Dioptase


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dioptase

[dī′äp‚tās]
(mineralogy)
CuSiO2(OH)2 A rare emerald-green mineral that forms hexagonal, hydrous crystals.

Dioptase

 

a mineral whose structural features correspond to the so-called cyclosilicate type. Its chemical composition is Cu6[Si6O18] 6H2O. Dioptase crystallizes in the trigonal system, forming acicular short-columnar small crystals, and accumulates in druses or granular aggregates of bright emerald green color. It is transparent and has an intense luster. The mineral has a hardness of 5.0-5.5 on the mineralogical scale and a density of 3,280-3,350 kg/m3. It is usually found in the oxidized zones of copper sulfide deposits along with malachite, calcite, and quartz and sometimes with hemimorphite and other minerals. Dioptase was discovered by Ashir Muhammad of Bukhara in 1785 (deposit at Altyn-Tiube in Central Kazakhstan). There are also a number of deposits in Africa (Katanga and elsewhere).

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Two hundred dollars (or just a bit more) would have bought from Stefan Stolte a fine small-miniature-size matrix specimen of dioptase from the Omaue mine, Namibia, with a sharp, complete dioptase crystal to around 2 cm.
and after opening them the next day and covering a pool table with sparkling dioptase, the Zweibels were officially hooked on Tsumeb.
Some of the dioptase crystals mentioned above may be coated with a little malachite or calcite and not be very shiny.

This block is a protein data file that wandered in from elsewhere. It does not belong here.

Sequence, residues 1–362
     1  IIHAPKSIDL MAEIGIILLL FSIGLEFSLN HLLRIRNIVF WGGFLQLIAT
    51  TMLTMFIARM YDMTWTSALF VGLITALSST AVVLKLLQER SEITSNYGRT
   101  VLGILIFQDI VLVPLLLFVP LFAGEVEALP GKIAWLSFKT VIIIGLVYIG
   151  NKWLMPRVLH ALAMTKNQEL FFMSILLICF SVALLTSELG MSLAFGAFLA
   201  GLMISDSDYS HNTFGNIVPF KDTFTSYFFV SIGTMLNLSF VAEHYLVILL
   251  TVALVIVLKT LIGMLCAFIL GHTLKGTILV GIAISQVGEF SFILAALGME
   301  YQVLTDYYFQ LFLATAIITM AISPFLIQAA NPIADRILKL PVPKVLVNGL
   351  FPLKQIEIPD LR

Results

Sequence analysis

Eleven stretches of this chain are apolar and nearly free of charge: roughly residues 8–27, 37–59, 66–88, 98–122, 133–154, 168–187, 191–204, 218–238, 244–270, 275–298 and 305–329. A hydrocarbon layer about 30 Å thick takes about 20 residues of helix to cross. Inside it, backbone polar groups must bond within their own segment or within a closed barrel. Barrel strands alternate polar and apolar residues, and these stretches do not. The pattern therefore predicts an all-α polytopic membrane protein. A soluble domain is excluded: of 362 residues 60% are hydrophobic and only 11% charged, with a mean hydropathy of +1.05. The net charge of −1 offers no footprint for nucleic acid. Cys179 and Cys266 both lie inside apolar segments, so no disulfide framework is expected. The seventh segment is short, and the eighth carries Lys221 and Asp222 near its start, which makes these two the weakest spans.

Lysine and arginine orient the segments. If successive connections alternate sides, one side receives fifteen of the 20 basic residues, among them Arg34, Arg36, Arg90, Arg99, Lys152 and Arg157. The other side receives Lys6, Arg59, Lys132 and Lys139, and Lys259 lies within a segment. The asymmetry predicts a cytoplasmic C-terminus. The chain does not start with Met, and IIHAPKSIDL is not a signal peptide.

Ladislav Turecky), Dioptase, Malachite and Shattuckite from Namibia (Paul and Antoine Weghorn), and Minerals of Turkey (Christa Zechner).
The Kosnars of Mineral Classics had about 15 specimens of seriously flashy dioptase from a find made early last December in the Kimbedi mine, Republic of the Congo (ROC)--also called Congo-Brazzaville.
He moved on to French Equatorial Africa where he mined dioptase, then northern Rhodesia, Madagascar, Mozambique, Namibia, Kenya and South Africa.
Fine examples of cerussite, dioptase, malachite, azurite, wulfenite, smithsonite and vanadinite have been collected there, as well as some of the finest known examples of a number of rarer species such as boleite, diaboleite, caledonite, hydrocerussite, linarite, matlockite and leadhillite.
Dioptase from Tsumeb is the standard against which all other dioptase specimens are measured.
Other fabulous specimens include Arizona petrified wood, dioptase from Africa, native gold specimens from Idaho Falls, Colorado, long acicular crystals of millerite [with] arsenopyrite from Mexico, and jamesonites from Mexico.
Other exhibits included a case showing early mining methods, a case of antique mine lamps, worldwide uranium and rare earth ores, gold specimens, fluorescent minerals, malachite pseudomorphs, Richard Bideaux's case of dioptase, wulfenite, cerussite and descloizite, numerous cases of "rare and beautiful thumbnails," and so on.
5 cm rise vertically from the veins, and brilliant crystals of caledonite, dark bluish green and somewhat resembling dioptase, to 1.